This tale is my entry to this month's Wordsmiths exercise. The groans emanating from the bedroom, slicing into the serenity of Justine’s early morning ritual signaled the return of Rachel’s nightmares. Experience and the memory of a painfully bloody nose kept Justine from making her way to the bedroom. It was too soon. She must wait.
Justine does move to pour another cup of coffee. The steamy aroma taking her back to a similar morning eight months ago. She dropped a cup of coffee then, running full out to Rachel’s side the very first time she’d heard those groans.
Having cleaned up and settled down after being pummeled about the head and face when trying to rouse Rachel, Justine wanted to know if Rachel wanted to tell. Rachel didn’t want, but she did tell some.
“I was seven and my brothers were six and five. Mama’s friend, Papa Jack announced he was taking us to the carnival. Mama was working, so she didn’t go. We left in Papa Jack’s green truck and arrived at the carnival about 30 minutes later. It was cold. Too cold to be at the carnival, I thought. Other people must’ve thought so too, because there weren’t many people there. We jumped from the truck and half walked, half jogged about, unable to decide what to get on first. We were so excited. Papa Jack eventually suggested the Ferris wheel. Mama hadn’t let us try that ride before so we ran to go do that. Papa Jack paid the fee and the man operating the ride strapped us into baskets. I got to sit alone, since I was the biggest and oldest. It was the most exciting thing I’d ever done. I loved being up at top, being able to see the whole world. The boys weren’t even scared when it stopped and left us hanging in the air. Soon it was our turn to get off. The boys got off first and stayed together until I got down. I looked around for Papa Jack and didn’t see him anywhere. I called for him but he didn’t answer. The boys called and still nothing. The ride operator asked me if anything was wrong and I told him we couldn’t find our Papa Jack. He closed the ride and took us to an office. We sat for a long, long time with many grown-ups asking us our names and other questions. The boys started to cry. The carnival people gave us hot chocolate and peanuts. Sometime later the police came. We left with the police. “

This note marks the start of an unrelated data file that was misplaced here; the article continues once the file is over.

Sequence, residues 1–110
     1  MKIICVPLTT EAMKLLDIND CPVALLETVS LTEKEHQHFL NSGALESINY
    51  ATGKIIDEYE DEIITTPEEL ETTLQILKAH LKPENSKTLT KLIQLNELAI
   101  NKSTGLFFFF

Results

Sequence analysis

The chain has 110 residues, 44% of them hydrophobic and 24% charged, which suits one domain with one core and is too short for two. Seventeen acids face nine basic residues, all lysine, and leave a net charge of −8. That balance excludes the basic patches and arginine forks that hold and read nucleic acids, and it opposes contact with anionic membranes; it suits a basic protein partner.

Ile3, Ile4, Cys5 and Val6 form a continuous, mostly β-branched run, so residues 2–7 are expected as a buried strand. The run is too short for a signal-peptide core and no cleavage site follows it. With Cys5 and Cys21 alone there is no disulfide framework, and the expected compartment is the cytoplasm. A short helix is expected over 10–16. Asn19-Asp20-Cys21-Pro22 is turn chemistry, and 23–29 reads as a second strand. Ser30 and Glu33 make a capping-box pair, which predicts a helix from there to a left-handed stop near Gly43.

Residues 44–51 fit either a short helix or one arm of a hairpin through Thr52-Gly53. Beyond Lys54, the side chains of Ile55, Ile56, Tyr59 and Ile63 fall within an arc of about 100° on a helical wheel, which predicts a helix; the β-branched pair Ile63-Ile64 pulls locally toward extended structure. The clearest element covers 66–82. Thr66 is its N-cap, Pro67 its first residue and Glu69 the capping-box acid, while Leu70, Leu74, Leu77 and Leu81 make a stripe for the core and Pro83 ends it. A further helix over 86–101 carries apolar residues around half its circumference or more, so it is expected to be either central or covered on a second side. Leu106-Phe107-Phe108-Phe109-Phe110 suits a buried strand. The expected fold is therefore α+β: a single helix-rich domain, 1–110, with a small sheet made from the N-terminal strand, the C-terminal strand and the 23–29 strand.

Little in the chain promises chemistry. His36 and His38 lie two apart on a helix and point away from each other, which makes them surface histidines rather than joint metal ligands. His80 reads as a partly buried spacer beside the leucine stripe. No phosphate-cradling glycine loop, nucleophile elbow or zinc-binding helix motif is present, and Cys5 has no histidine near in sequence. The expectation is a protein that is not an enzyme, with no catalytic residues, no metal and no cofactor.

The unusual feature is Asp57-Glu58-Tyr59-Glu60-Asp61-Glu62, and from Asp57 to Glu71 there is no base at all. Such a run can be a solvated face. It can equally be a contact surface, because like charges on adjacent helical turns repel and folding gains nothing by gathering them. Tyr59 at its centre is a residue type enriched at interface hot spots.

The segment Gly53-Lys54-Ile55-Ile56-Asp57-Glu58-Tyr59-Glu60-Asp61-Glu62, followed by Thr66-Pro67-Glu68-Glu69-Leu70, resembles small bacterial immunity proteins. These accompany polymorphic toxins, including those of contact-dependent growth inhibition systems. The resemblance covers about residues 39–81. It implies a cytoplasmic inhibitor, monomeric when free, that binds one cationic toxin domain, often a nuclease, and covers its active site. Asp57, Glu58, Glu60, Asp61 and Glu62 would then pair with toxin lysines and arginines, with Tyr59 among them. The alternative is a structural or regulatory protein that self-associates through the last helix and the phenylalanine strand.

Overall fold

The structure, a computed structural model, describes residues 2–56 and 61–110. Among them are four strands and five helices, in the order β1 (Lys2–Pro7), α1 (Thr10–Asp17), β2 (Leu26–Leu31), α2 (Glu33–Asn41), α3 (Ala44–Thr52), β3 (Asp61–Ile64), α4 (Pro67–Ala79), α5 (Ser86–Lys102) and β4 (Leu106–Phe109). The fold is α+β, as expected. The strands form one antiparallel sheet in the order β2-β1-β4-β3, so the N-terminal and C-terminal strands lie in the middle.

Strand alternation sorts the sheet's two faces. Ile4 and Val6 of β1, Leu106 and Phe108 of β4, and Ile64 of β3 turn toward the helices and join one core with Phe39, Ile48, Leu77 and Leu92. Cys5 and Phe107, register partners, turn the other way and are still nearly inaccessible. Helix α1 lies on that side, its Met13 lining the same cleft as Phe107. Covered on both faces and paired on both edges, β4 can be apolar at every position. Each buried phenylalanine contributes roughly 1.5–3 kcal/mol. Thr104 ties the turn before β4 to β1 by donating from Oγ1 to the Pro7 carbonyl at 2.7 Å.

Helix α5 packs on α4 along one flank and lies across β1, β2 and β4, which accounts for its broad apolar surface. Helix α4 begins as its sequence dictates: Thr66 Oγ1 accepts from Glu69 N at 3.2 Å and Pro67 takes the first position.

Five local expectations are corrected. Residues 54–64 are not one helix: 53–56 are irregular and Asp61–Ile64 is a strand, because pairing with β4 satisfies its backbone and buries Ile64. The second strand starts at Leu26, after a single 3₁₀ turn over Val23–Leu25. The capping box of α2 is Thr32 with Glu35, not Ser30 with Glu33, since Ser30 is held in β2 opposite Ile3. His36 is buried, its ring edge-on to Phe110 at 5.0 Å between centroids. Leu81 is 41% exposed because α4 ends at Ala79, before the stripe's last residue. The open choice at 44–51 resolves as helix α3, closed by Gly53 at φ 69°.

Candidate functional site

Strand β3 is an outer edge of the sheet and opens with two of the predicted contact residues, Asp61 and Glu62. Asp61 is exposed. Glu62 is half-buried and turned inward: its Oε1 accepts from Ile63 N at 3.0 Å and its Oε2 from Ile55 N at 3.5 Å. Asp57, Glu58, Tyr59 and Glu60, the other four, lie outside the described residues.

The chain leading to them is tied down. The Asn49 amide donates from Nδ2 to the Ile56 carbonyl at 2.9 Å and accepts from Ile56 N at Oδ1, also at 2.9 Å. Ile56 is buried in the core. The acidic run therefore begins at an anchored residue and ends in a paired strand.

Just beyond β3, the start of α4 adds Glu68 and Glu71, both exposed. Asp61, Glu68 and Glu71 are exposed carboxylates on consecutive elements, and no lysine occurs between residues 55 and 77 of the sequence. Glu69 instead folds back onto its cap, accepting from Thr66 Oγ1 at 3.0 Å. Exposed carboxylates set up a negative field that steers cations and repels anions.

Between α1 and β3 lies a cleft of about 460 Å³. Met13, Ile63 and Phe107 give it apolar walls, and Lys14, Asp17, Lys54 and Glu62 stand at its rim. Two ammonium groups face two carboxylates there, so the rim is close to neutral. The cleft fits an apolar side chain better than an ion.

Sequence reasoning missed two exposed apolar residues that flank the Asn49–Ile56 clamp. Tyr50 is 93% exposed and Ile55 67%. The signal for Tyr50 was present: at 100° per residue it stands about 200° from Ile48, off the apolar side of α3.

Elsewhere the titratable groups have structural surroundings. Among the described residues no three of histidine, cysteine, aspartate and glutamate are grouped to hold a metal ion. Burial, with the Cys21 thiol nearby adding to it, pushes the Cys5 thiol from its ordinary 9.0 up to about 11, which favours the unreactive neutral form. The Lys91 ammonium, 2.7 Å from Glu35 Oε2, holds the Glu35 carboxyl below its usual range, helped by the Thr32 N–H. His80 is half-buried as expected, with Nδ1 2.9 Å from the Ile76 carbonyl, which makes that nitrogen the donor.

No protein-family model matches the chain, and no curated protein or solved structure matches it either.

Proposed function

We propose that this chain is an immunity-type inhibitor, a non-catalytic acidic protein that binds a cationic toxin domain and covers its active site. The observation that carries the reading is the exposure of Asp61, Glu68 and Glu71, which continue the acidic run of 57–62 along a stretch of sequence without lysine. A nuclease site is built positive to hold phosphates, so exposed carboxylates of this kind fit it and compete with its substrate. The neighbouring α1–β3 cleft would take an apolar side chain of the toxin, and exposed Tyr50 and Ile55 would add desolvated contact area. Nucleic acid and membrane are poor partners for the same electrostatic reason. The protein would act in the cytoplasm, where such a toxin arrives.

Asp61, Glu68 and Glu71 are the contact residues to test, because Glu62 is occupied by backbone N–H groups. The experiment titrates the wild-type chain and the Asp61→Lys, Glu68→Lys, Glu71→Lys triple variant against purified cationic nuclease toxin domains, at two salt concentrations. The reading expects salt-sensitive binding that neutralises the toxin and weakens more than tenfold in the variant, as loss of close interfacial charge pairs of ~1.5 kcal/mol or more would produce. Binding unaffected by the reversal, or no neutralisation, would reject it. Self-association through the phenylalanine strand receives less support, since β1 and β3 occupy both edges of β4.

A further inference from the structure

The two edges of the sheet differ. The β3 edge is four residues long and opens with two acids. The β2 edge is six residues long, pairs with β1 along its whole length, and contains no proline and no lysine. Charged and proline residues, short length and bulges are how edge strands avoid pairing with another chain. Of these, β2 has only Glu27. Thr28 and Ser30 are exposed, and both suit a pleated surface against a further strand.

It took a long time but Justine was finally able to get this part of the story from Rachel. The nightmares started two years after she left foster care. There is more, but Rachel won’t say. Though Justine has tried to find out what triggers the nightmares, more importantly she has had to learn how to soothe.
The coffee is nearly finished, soon it will be time to go to Rachel and hold her close